How light is detected affects the atom that emits it

Washington University in St. Louis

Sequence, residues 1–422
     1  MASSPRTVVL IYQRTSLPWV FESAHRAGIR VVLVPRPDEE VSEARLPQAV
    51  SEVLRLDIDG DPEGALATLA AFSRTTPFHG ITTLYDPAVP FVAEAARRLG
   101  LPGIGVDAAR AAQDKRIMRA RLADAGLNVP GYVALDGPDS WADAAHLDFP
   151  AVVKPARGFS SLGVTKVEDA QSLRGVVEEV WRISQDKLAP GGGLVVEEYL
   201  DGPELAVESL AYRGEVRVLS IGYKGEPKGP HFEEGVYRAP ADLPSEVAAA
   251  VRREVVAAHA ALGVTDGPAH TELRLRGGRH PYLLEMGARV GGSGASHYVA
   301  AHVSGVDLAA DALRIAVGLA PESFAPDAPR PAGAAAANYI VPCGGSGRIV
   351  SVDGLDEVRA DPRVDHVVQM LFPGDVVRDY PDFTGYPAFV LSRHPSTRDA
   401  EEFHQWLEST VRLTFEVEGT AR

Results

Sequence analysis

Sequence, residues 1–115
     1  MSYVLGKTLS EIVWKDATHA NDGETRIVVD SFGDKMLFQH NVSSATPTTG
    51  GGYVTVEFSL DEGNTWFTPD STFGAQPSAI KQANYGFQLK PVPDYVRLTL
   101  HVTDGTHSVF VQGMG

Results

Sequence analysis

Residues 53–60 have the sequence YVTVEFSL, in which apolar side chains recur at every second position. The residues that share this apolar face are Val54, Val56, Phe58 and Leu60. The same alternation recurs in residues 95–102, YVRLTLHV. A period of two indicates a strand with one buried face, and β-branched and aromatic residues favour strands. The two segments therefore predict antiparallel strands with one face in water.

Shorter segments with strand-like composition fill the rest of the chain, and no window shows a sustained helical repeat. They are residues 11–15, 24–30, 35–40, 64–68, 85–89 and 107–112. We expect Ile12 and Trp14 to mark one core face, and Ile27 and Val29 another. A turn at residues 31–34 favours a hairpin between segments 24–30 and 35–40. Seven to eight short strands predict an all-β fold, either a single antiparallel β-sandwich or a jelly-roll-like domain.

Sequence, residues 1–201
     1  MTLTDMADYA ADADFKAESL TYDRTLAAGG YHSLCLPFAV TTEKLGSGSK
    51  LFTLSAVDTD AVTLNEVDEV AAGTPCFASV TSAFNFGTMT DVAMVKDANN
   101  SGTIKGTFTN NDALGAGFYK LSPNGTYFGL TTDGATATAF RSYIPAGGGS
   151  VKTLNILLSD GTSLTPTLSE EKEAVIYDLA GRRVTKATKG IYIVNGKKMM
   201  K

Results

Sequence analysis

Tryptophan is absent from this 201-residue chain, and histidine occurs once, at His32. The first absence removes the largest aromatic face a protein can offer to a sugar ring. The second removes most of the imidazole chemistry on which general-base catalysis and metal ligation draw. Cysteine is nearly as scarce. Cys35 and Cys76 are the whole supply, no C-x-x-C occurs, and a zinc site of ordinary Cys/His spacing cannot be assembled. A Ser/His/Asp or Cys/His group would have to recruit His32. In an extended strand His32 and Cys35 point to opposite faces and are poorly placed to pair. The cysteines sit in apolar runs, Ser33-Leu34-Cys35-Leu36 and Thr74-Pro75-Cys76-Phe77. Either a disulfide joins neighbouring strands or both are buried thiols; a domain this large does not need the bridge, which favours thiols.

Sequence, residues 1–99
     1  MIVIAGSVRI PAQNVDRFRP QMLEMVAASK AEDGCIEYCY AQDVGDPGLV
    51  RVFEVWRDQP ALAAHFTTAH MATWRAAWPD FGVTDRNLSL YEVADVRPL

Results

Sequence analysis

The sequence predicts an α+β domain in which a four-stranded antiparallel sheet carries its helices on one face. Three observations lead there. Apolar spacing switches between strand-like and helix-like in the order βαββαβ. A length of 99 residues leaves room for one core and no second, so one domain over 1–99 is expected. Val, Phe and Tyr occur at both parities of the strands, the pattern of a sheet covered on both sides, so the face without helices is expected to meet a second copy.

All that a photon detector can tell you about spontaneous emission is whether an atom is in its excited state or its ground state. You’d never see that if you were detecting photons, Murch said. By looking at the wave nature of light, we are able see this lovely diffusive evolution between the states, Murch said. The fact that an atom’s average excitation can increase even when it decays is a sign that how we look at light might give us some control over the atoms that emitted the light, Murch said. It is possible only because of one of the weirdest of all the quantum effects: When an atom emits light, quantum physics requires the light and the atom to become connected, or entangled, so that measuring a property of one instantly reveals the value of that property for the other, no matter how far away it is.

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